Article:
October 31, 2019
Philadelphia Eagles safety and activist Malcolm Jenkins hosted a Players Coalition public forum at the Community College of Philadelphia earlier this week to discuss what residents want to see done by the next Philadelphia Police Department commissioner.
The forum consisted of three panels: activists, city officials and proponents for criminal reform. Among the participants was rapper, entrepreneur and North Philly-native Meek Mill.
Former Philadelphia Police Commissioner Richard Ross abruptly resigned from his position in August amid reported sexual harassment and race and gender discrimination allegations.
An avowed critic of the criminal justice system, Jenkins believes the community has to speak out against things that plagued the previous commissioner’s tenure.
"In 1947, in the midst of great racial unrest in the country, Langston Hughes wrote the poem, 'Who but the Lord.' In the final words of that poem, he said, 'Being poor and Black, and I have no weapon to strike back, but who but the Lord can protect me?' Here we are in 2019 still looking for ways to fight back," Jenkins said. "But what we do know is that we can use our voices and our votes. And so the purpose for tonight is to allow the community to be heard and to make sure that what we want gets out to the mayor, and we see the changes that we want to see in policing in Philadelphia."
Jenkins ran through a lengthy list issues the next police commissioner will have to address.
"We are at a critical juncture here in Philadelphia,” he said. “There is a question that trust with our police and our communities is frayed. Just last week, a top police officer was indicted for sexually assaulting people that worked for him. Over 300 police officers made racist and sexist social media posts. Officers have been accused of corruption and have committed acts of abuse. Black people are stopped and searched far more than any other people in the city. Meanwhile, the majority of cases involving gun violence remain unsolved.
"This is not a knock or indictment of the whole department," Jenkins said. "We all know there are tons of officers that want to make our community safer. But the next police commissioner that will be appointed by the mayor will need to change the culture of the police department in order to gain the trust of the community."
At the forum, Meek Mill represented an influential voice in the community, able to connect with the audience of various ages and backgrounds in a way few can. Born Robert Rihmeek Williams, Mill become a prominent figure in the criminal justice reform movement during his 12-year legal battle during, which raised questions about how fairly he treated in the legal system.
“An understanding of our community and what’s going on (is important),” Mill said. "I think sometimes they have people policing our communities that have no understanding of what’s going on in our communities."
Mill is aware of his level of fame relative to that of the average black person and described never feeling safe when being pulled over by police. He asked a question to the audience that seemed to resonate with everyone within earshot.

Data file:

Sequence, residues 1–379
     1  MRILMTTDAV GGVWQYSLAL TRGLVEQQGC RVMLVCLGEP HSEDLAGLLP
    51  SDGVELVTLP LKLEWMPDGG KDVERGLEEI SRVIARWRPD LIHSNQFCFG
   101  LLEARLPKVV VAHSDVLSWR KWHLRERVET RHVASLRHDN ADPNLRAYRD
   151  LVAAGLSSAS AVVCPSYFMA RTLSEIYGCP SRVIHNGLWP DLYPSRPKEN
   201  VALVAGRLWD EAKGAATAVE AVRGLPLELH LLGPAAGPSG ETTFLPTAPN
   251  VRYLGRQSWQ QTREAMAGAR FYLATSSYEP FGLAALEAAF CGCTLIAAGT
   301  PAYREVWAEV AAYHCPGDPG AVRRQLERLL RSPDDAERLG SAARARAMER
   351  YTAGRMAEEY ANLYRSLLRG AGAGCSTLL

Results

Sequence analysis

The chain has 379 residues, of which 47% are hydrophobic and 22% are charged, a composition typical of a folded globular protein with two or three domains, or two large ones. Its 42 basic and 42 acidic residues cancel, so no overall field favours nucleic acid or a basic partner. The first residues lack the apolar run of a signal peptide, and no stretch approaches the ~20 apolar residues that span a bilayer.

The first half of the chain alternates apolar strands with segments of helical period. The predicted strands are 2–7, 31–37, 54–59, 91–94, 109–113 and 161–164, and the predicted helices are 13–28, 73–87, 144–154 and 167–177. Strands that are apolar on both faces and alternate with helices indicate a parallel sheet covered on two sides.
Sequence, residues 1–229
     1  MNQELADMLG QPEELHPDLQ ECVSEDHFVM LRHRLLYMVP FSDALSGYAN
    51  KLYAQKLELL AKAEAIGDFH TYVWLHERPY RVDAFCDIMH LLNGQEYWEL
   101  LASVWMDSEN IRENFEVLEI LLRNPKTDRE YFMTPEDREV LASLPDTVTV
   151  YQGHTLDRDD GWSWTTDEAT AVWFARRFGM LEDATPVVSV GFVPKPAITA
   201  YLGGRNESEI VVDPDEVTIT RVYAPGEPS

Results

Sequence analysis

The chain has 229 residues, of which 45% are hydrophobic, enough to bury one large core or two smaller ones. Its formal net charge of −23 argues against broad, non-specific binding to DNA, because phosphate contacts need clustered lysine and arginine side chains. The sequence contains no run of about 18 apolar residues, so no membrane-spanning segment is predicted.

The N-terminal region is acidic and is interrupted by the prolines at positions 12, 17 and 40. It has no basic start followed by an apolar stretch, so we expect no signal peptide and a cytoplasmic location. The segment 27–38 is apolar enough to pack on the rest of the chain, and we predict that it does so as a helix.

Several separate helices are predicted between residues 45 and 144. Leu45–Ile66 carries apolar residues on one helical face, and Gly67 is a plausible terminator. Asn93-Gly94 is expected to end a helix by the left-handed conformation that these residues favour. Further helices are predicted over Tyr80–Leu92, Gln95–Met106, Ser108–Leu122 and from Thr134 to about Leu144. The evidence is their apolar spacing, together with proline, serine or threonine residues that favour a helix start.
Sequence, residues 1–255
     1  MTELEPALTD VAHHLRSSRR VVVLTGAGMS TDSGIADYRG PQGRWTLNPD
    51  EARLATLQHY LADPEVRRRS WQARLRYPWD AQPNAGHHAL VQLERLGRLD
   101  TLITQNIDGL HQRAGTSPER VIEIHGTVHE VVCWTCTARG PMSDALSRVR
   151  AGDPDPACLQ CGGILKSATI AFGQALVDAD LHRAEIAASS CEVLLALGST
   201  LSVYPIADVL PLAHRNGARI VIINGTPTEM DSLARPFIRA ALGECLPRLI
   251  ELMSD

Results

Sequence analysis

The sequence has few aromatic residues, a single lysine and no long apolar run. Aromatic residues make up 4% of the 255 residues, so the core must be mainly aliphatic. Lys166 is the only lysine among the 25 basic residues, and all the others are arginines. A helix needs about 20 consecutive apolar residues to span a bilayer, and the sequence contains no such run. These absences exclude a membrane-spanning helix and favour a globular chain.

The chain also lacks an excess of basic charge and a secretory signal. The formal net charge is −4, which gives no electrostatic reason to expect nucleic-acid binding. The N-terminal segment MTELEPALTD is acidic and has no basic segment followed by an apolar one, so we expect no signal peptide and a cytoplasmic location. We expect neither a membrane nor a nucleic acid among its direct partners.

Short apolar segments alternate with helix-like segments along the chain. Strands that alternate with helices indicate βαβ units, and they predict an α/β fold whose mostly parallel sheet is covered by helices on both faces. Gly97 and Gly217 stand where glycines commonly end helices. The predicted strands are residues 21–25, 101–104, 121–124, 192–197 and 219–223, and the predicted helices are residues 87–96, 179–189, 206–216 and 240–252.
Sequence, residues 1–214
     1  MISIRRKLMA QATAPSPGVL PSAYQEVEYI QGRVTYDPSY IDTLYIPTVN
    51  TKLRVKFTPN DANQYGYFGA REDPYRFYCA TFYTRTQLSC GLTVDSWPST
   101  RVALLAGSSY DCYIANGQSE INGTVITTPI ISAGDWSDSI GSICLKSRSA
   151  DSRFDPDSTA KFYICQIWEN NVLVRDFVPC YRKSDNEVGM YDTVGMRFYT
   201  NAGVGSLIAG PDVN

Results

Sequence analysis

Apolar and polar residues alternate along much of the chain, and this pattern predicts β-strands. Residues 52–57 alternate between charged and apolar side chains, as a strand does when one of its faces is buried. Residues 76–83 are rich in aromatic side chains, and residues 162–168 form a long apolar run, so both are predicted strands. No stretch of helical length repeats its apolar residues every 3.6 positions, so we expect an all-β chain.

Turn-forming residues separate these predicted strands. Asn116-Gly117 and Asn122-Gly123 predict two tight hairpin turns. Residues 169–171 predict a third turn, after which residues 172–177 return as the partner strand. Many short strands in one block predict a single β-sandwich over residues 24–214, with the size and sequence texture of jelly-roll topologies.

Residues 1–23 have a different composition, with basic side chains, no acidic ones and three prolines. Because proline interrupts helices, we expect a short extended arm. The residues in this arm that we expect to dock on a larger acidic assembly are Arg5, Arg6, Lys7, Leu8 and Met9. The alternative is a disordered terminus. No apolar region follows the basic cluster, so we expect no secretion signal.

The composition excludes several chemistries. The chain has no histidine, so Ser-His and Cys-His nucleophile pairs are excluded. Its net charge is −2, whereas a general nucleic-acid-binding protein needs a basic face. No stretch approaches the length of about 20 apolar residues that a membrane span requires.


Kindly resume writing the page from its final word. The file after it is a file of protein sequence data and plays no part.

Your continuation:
“I never felt safe during a pullover and been pulled over in Philly my whole life," Mill said. "If you come from one of the urban communities here and felt unsafe being pulled over by a police car, could you raise your hand? And don’t raise your hand just to raise a hand.”
Almost every hand in the auditorium at CCP’s Bonnell building seemed to go up all at once.
Then Mill described a police officers he knew as a youth growing up in North Philadelphia who set the standard for what community policing should look like.
“There was a police officer in my 'hood named Tyrone Crawley,” Mill said. “He used to run a PAL Center in my 'hood, and everybody in my 'hood had a relationship with him. There was nothing that he couldn’t walk outside and do. From the guys on the corner to the people on his steps. He could make anything stop or go in my neighborhood because he had an understanding of what was going on in my neighborhood.”
Crawley’s impact on Mill and his peers could not be overstated.
“My father was dead since I was 5 years old,” Mill said. “A lot of the kids in there, their fathers had been gone their whole lives, but we had a PAL Center. We had a place to go from 4 to 10 o’ clock at night. I had somewhere to go. We had a cop in our neighborhood that could relate to us, built with us and wouldn’t send us to jail for any little thing. Anybody from the North Philly area of Berks or Cecil B. Moore (knows) Tyrone Crawley. He had his hands so deep in the neighborhood, he was like a father figure to some of the kids.”
For Mill, repulsive violence like the recent killing of 2-year-old Nikolette Rivera underscore the need for communities and police to work together for a better society.
“We got 2-year-old girls getting shot in the head,” Mill said. “Every place has a code. If you don’t want the police to handle it, who’s going to handle these guys shooting little girls in the head around the way? Does somebody want to do something about it and make these guys move out of the neighborhood? There has to be some kind of bridge that has to be gapped between the police and the neighborhood. I don’t think anything can be done about it until both sides step up. We’re here talking today and are ready to step up.”